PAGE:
The Questionability of Ethics
While reading a great book or watching a well-made film, you might have come to the realisation that even the most heinous act, depicted in a certain way and described with the right words, can be transformed to take meanings of beauty, righteousness and desirability.
What mastery — of both meaning inferrers and creators — to be able to see hidden layers in phenomena. In the way Japanese masters of verse believe that only by removing one’s self from the object of examination, may one find its true beauty. In the way political writers recognise forces of power to be dictating our thoughts and actions. In the way adultery and intrigue between French philosophers and Mexican painters influences and underpins their brilliance; their creations.
Yet our daily life decisions seem to be made on a basis of prescribed ideas of right and wrong, put forward by transcending human experience and overarching religions (we call them corporations now) that have fuelled wars since the dawn of time. Right and wrong — those ever-changing concepts. How restrictive.
Part of our socialisation, the becoming of (mis)informed citizens of the world, is the power to know and recognise what is good and what is evil; what is meant to be and how it’s meant to be. And women are feminine and men are masculine, and one day you realise your wrong is someone’s right. How do we expect to understand the complexity of life, when we constantly dichotomise it? Where does self-righteousness end and guilt begin?
Despite your life’s philosophy, your religion’s holy book, your mantra, your constitution, both written and unwritten rules of conduct define our actions as legal, normal, kind, expected, better. Is a higher intellect of ethics present in the minds of spiritual influencers? Or is there an understanding that since the concepts of righteousness and sin are changeable, what is left is simply acting from a place of love, understanding and forgiveness? Does the mastery of artists and philosophers give them an insight on the palpability of ethics or are we simply left in awe from their higher power to create, ready to forgive and forget that they are flawed humans, like us all?
Words have the power to transform the effect of actions, many times fuelling more reactions than the actions themselves. If a human action can challenge and change ethics in the mind of others, how much is the concept of ethics a human creation with no deeper connection to the universe or God?
And I guess you can say ethics are mundane, only to be conceptualised by humans for humans. If you are willing to accept that all ethics are a social construct created, intertwined and reproduced by social systems and the people who comprise them, then sure. You can stop reading now. But if you have ever wondered whether some ethics are more ethic than others, maybe it’s worth sticking about. What happens when societies clash? When different codes of ethics clash? The republicans and the democrats; the catholics and the protestants; Westerners and Islamic State. Are they all wrong, because there is no universal truth or is the side that lobbies for peace, abolishment of exploitation, civil rights, equality, potentially more right? And if all ethics are socially constructed, by what standards can we recognise that equality is better than inequality?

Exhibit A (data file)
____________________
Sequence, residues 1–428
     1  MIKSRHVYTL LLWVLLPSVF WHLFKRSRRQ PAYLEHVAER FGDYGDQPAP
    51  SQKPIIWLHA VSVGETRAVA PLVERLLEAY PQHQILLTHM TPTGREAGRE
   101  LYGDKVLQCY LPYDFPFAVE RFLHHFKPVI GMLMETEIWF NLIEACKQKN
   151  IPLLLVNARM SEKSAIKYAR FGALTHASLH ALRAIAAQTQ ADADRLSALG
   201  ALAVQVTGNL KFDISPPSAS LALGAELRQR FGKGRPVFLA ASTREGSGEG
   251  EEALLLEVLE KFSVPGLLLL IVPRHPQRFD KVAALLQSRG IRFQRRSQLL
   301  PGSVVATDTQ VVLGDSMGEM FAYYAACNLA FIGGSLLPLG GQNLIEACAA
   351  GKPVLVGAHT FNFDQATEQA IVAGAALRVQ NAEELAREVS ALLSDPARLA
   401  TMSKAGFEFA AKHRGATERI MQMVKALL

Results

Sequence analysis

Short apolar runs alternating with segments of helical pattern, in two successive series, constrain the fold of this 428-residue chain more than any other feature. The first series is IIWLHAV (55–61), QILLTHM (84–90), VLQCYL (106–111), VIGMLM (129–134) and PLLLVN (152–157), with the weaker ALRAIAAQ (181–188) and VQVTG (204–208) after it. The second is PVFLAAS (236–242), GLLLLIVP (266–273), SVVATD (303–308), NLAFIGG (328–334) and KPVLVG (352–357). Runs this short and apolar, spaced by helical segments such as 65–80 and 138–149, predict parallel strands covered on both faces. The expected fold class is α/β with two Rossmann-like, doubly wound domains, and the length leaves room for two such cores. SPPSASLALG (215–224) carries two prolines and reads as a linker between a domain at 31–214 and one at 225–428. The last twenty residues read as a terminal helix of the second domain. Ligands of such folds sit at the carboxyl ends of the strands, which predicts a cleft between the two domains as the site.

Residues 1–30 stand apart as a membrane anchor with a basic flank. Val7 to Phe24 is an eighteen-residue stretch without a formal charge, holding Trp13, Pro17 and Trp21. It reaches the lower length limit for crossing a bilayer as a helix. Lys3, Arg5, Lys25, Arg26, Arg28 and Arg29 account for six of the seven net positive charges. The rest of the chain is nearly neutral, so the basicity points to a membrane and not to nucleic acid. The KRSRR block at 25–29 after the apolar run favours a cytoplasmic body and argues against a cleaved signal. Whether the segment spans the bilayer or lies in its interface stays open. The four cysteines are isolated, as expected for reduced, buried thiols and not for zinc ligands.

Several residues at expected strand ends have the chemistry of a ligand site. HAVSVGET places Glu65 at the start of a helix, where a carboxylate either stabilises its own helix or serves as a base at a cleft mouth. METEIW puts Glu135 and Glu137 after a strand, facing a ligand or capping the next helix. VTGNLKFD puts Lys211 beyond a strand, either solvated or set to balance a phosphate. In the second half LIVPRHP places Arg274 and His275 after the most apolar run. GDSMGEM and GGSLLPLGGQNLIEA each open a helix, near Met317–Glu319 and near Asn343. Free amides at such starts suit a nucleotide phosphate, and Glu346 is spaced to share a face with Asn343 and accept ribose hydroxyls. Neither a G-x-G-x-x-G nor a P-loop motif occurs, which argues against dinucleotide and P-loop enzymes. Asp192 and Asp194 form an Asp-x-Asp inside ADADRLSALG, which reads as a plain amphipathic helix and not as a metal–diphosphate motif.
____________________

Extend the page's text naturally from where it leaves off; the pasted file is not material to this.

In its fullness, in its perfection, the deity underlying existence has brought little more than absolute misery to the lives of the many. A contradiction duly noted historically. The rhetoric moves on to the question of the concept of misery as a challenge and/or a punishment. But what if it’s simply a misunderstanding? If the answers don’t clearly lie with the divine, perhaps the explanation lies in His removal.
Do we live in a world without God? If the creating force is itself perfect, then our creation must lie in the absence of perfection from our essence. But if we were indeed the creation of an unflawed energy, then imperfection should be impossible. Maybe some answers are hidden under the false assumption that God intended to create us; to love us, protect us and consequently save us.
Maybe we just reside in a world of chaos. And if chaos is all that exists then our answers must lie with anarchy.
But I find that too frightening to even think about. What would humans do without prescribed ethics, when we are daily subjects of atrocities in the name of ethics subscribers?
Perhaps we would be liberated.
Perhaps we would come together and instead of fighting over whose God is the most loving, we would just agree to live harmoniously, stripping ethics to core values that would allow everyone to simply live. Interesting how the concept of utopia for many is underpinned by the abolition of rules, while the world around us continues to take measures, be they counterterrorist, financial or even diplomatic. And our minds are as free as our bodies to explore the layers of ethics in seemingly unethical actions. Like our bodies that have been conducted, transformed, socialised and moulded to the ideals of the existing power.
What mastery — of both meaning inferrers and creators — to be able to escape that, to challenge the status quo. The essence of art.
- This piece is influenced by the work and life of Matsuo Bashō, Jean Paul Sartre, Simone de Beauvoir, Frida Khalo, Diego Rivera, Vladimir Nabokov, Michel Foucault, Simone Weil, Noam Chomsky and Roland Barthes.